Getting to Izucar de Matamoros (sometimes simply called “Matamoros”) from Mexico City is a long, circuitous trek basically because it requires getting to the other side of the massive Popocatepetl volcano. Swinging around the north though the city of Puebla is longer, but the shorter southern route through Cuautla mean poorer roads.
It is a regional town/small city in southern Puebla state, whose indigenous heritage is Mixtec, although the city is now mestizo. Colonial architecture remains in the historical center and the former monastery some blocks away, but there isn´t the same level of charm as in other colonial towns. In fact, despite the surrounding farmland and the seeming preference by local women for skirts, the city bustles more like larger ones. The city is on what used to be the main highway between Puebla and Oaxaca, but that changed when a newer highway was built to the east.
The town has had a pottery tradition extending back long before the Spanish conquest and while basic utilitarian wares are still made, what draws attention are the decorative pieces, especially those called trees of life. Unlike the better known variety made in Metepec, State of Mexico, the Izucar version have retained their function as candeholders, with each piece have a place for at least one. With images of Adam and Eve, the elaborate pieces were originally made as traditional wedding gifts to wish the couple happiness … and fertility. The intricately designed pieces that are sold today are due to changed that began in the second half of the 20th century.
The origin of modern Izucar trees can be traced back to the family of Aurelio Flores in the mid 20th century, who began experimenting with new designs and decorations. However, after the son’s generation, the family stopped working in this occupation. However, the center of Izucar’s pottery traditions now is that of Catalina Orta Urosa, who revived her parents’ pottery traditions after she married and had her six children. The family made pieces for local markets until the 1960s, when an art collector named Sanmaniego discovered their work and ordered pieces to sell in the city of Puebla. Finding success with the pieces, he ordered more and encouraged them to innovate, especially in decoration.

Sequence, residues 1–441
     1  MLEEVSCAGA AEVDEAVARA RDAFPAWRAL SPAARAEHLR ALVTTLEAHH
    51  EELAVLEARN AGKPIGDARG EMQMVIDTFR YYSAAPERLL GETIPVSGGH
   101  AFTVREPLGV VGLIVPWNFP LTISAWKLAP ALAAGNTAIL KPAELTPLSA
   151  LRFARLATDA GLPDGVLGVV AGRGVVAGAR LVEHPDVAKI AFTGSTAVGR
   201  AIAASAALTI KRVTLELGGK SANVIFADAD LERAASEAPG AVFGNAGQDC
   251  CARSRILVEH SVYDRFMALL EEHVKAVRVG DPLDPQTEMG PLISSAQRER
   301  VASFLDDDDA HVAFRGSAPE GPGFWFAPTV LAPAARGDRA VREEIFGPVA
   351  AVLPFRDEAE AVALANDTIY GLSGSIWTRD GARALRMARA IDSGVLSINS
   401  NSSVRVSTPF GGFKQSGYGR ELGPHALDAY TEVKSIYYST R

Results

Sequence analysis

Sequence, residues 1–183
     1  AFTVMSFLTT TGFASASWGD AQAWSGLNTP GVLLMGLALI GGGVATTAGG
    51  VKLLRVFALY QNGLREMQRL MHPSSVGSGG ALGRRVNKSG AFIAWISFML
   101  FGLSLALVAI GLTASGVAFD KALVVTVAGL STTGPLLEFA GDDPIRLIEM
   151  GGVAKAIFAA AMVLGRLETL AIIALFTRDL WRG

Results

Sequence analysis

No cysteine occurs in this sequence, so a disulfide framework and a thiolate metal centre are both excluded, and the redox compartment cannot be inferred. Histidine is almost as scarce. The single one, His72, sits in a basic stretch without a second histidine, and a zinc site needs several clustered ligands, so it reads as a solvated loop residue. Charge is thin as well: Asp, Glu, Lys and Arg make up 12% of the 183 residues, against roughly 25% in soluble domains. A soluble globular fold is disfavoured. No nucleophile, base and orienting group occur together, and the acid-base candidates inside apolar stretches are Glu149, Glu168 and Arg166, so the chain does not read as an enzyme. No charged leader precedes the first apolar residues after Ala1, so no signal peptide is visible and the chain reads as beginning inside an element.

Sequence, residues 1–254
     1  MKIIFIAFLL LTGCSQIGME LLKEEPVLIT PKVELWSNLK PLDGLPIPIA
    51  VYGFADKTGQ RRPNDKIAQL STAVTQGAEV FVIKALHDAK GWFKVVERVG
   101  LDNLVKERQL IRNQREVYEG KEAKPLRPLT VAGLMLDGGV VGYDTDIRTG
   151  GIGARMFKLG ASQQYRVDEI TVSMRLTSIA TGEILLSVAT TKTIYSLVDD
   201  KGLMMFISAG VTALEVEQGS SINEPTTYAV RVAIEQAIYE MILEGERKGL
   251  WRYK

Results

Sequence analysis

Like their Metepec cousins, Izucar’s trees have small elements attached to the base, such as people, flowers and other vegetation, insects and more, made of clay and integrated before firing. However, in Metepec, the decoration of the trees is limited to this “pastillaje” with paint applied to provide more-or-less realistic color, if paint is applied at all. In Izucar, three branches and other empty spaces are covered in tiny, finely painted lines, cross-hatching and geometric shapes. The popularity of both the pastillaje and decorative painting can now be seen in a number of other decorative pottery that is now produced.
Four of maestra Catalina’s children became potters: Heriberto, Agustin, Isabel and Alfonso, all with the surnames Castillo Orta (as per Spanish tradition). All make the trees of life, but some have branched out into other areas. Heriberto make female and mermade figures and Isabel makes Catrina and Virgin of Guadalupe figures.The family has introduced new themes to their works such as Day of the Dead, and the decorative motifs have also incorporated influences from other areas of Mexico, as they have been exposed to them from their travels promoting their products.
Of the four, Alfonso became the most recognized, with his works in museums and other collections in Mexico, the US and Europe. Named a master craftsman by the Banamex Foundation, he also won the 1996 National Prize of Arts and Sciences in the folk art category. He died in 2009, but his home and workshop is still operated by his wife Marta and five children. It is possible to visit, with two rooms of the complex set aside to display pieces made by the maestro and the rest of the family. However, it seems that this branch of the family has moved away from making trees of life.
Isabel is still dedicated to them and is best known for her delicate painting. Up until relatively recently traveled in the United States giving workshops and exhibiting her work. Despite being 80 years old, she still actively paints, including the very fine brushstrokes that require good eyes. After winning FONART’s Grand Prize of Folk Art in 1999, she was named a “living legend” in the Galardón Nacional en el Certamen Grandes Obras Maestras, and is recognized nationally, but does not quite have the same status has her younger brother. Most of her work now is in support of the workshop she runs with her children and grandchildren.
According to Isabel, all of the workshops in operation today either have a connection to the family or were otherwise taught by them. Casa Balbuena and Arte Casbel were founded by Heriberto’s ex-wife and their youngest sons respectively.